Chapter

Converging on Values: Cognition and Sentiment

A. E. Denham

in Metaphor and Moral Experience

Published in print July 2000 | ISBN: 9780198240105
Published online October 2011 | e-ISBN: 9780191680076 | DOI: http://dx.doi.org/10.1093/acprof:oso/9780198240105.003.0005

Series: Oxford Philosophical Monographs

Converging on Values: Cognition and Sentiment

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This chapter reconsiders the intuitive conception of truth which any account of ‘qualified judgements’ and ‘suitable subjects’ will have to subserve. There are many alternative conceptions of truth; philosophers have characterised it variously in terms of correspondence, coherence, conventional warrant, and idealised assertibility. A minimalist conception of truth is not committed to any constitutive account of the truth-predicate as it applies to any and every discourse, but is rather satisfied to assign minimal content to the idea of ‘truth-in-general’. At least two approaches to this minimalist conception may be distinguished. The first denies that truth is, strictly speaking, a property at all, while the second — known as a ‘minimalist’ approach — allows that any predicate which coincides in normative force with warranted assertibility while yet being potentially divergent from it in extension deserves the title of a truth-predicate.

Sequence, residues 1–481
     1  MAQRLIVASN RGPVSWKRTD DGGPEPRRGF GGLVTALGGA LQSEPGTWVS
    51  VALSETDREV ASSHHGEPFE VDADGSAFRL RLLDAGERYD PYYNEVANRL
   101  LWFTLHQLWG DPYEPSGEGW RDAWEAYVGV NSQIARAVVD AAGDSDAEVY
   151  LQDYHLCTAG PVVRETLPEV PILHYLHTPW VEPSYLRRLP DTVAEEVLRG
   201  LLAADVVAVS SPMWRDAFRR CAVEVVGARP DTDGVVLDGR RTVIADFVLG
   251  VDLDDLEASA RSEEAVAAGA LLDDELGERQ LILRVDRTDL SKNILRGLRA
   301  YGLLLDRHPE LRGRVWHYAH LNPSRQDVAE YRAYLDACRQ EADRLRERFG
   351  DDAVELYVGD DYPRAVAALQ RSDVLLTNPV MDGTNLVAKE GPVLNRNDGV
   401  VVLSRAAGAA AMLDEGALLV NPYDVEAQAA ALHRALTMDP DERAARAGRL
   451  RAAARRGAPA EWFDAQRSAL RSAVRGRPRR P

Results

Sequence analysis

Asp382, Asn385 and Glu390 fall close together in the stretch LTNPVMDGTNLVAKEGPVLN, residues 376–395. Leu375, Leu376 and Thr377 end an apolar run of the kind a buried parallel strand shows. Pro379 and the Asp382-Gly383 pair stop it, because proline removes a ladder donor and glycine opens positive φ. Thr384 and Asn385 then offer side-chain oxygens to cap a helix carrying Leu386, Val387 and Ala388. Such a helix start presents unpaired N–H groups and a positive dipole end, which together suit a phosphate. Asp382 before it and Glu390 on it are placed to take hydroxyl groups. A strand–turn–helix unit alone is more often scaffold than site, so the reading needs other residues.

Keywords: truth; minimal truth; truth-predicate; moral values; cognition; sentiment; moral judgements; moral discourse; Cognitive Command

Chapter.  11010 words. 

Subjects: Philosophy of Language

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